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Nov. 10, 2015, 4:50 p.m.
Audience & Social
LINK: www.ban.jo  ➚   |   Posted by: Joseph Lichterman   |   November 10, 2015

While tonight’s Republican debate is being broadcast by the Fox Business Network, much of the conversation and coverage of the debate will, of course, occur on social media.

In an effort to help journalists sift through the torrent of user-generated content, Banjo, a social discovery app, on Tuesday released its Election HQ, a free dashboard that lets users follow each of the presidential candidates and track social posts that are coming out of their events.

ElectionHQ

Using Banjo’s software, which geolocates public feeds on more than 12 social networks, Election HQ hones in on the locations of the events, whether it’s the debate; or Marco Rubio holding a rally in Waukesha, Wisconsin; or Hillary Clinton filing her papers to get on the primary ballot in New Hampshire. Banjo also archives the events, and Election HQ users can search back to August to find past coverage.

“The user is able to click on any of the candidates and go deeper into specifics about where they are and what the content stream looks like of publicly posted geo located content coming from those areas,” said Victor Hernandez, Banjo’s director of media innovation.

BanjoHillary

The Election HQ dashboard is part of Banjo Discovery, a free product Banjo released in September, which is essentially a scaled-down version of the paid version of its software.

The free Banjo Discovery only lets users follow a handful of trending stories and make a limited number of searches per day for social content. The paid version also lets users download the content and use it for rebroadcast.

BanjoMizzou

Hernandez wouldn’t specify how many people are using Discovery, but he said there are “a couple hundred newsrooms” currently signed up.

Banjo also has a staff of 20 or so at its office in Las Vegas that organizes the content and helps surface material that the Banjo software misses.

“When Hillary Clinton’s digital team is with her on the bus and traveling from stop to stop and they’re posting interesting content that is complementary to what we’re doing from these different events and rallies, perhaps those pieces of content aren’t geolocated, they’re not geo-enabled from their devices or from security reasons they’ve decided to not enable it, but there’s still value in including it in this bundled experience.”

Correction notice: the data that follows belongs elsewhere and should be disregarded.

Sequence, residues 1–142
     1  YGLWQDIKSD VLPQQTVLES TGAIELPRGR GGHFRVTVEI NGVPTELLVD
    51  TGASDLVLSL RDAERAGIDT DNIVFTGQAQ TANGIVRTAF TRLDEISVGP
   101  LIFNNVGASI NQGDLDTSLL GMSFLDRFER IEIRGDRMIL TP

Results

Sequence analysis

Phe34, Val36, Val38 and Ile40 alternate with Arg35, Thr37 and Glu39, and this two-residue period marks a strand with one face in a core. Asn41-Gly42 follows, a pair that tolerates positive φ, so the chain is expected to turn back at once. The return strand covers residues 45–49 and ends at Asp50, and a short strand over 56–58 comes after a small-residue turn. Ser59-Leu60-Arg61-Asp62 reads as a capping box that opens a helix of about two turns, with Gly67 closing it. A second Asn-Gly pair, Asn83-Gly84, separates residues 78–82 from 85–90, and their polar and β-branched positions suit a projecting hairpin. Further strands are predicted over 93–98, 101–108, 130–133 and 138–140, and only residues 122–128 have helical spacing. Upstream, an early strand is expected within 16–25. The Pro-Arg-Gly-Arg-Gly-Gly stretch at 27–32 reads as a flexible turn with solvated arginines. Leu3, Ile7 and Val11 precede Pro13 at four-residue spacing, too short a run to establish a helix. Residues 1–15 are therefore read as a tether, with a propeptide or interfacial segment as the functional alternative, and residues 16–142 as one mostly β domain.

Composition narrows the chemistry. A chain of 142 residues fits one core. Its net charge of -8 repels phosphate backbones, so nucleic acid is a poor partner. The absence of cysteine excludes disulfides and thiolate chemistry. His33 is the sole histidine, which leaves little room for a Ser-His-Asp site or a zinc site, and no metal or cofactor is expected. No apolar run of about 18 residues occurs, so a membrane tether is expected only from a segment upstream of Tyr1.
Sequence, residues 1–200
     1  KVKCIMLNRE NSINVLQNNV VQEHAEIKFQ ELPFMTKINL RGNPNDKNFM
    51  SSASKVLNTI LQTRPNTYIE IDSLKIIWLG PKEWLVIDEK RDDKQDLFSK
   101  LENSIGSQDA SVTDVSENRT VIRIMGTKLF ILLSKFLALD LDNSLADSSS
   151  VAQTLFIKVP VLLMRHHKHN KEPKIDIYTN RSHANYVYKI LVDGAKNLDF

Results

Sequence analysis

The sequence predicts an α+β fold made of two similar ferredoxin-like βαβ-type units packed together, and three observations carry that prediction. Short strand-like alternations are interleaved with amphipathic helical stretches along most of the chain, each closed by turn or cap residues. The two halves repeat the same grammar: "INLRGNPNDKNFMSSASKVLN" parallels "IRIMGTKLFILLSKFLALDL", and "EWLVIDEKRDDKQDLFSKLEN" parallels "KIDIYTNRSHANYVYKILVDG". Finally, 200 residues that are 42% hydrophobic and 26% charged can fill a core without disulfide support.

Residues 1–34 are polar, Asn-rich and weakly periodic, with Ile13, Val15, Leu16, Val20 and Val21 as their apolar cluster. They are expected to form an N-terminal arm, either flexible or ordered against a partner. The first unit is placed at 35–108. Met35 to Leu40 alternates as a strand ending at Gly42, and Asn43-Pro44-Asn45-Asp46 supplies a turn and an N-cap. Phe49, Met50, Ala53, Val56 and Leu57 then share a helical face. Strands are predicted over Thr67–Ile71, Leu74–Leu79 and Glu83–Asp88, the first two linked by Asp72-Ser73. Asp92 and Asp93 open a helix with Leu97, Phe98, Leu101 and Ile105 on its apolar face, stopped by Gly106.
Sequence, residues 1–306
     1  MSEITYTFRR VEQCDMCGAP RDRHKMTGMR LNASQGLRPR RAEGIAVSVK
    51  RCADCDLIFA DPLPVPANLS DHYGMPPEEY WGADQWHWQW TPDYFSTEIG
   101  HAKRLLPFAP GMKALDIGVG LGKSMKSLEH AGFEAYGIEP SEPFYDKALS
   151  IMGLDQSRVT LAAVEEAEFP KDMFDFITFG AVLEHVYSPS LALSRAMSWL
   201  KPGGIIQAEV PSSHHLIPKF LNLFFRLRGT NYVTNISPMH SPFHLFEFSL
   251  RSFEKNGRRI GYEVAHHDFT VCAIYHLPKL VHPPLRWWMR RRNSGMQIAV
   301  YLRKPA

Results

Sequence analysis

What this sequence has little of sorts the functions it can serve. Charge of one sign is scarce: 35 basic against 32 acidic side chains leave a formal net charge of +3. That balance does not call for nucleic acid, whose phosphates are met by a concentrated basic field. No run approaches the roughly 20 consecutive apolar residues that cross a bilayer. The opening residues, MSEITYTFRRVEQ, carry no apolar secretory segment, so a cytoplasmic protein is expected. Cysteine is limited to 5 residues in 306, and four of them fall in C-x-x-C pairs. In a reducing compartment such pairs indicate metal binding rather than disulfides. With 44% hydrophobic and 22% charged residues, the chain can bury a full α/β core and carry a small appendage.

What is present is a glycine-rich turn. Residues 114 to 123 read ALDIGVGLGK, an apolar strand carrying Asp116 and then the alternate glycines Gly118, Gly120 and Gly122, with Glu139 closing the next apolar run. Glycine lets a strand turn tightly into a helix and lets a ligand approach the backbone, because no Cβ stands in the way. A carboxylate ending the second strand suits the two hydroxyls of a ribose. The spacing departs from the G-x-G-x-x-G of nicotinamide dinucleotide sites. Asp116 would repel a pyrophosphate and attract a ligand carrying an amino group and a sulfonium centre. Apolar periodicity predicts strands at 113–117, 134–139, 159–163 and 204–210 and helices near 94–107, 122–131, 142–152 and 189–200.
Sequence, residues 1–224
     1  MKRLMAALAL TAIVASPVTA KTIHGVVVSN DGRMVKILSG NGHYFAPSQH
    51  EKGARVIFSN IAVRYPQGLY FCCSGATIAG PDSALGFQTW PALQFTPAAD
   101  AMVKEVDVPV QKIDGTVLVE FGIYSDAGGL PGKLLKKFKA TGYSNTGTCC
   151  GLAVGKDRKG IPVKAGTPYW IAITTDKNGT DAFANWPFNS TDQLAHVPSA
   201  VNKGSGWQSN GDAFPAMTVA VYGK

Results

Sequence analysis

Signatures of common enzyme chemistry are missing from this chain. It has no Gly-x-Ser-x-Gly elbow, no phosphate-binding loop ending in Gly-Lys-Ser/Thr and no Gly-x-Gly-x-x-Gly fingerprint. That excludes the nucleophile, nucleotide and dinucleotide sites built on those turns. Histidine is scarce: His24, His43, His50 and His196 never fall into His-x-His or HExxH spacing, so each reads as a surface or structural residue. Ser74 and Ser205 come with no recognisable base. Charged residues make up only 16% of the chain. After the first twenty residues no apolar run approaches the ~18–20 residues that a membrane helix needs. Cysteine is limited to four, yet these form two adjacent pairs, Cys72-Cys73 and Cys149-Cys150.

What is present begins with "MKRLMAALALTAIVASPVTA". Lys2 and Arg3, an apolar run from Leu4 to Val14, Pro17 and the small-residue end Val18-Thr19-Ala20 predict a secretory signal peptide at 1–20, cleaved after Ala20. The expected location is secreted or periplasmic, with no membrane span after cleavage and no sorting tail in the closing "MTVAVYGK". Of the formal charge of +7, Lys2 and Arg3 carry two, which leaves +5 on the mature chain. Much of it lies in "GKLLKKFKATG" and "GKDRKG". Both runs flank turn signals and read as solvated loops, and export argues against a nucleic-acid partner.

Damien Patton, Banjo’s CEO, launched the company in 2011 and in May announced $100 million in new financing, five times what the company had raised up until that point.

In a profile in Inc. earlier this year, Patton explained his thinking about how Banjo has relevance in multiple industries:

Patton, who designed the technology and is the company’s de facto CTO as well as CEO, thinks of Banjo not as a simple consumer product but as a platform, an underlying intelligence that others will come along and tap into, build on. And he’s right that the implications of Banjo’s technology are almost incalculable for businesses as diverse as financial services, marketing, insurance, news and media, public health, and beyond. Because it combines location, photo classification, analytics, and the ability to “rewind” each social media network in time — so you can see what happened just before, say, an earthquake struck — Banjo points the way not only to a transformation in how we consume social media but also to a huge escalation of its utility and value.

To use Banjo Discover and the Election HQ, you need to request access. Hernandez said that’s because Banjo wants to make sure its product is being used by professionals, not the general public — though it certainly also wants to try and get users to upgrade to its paid services.

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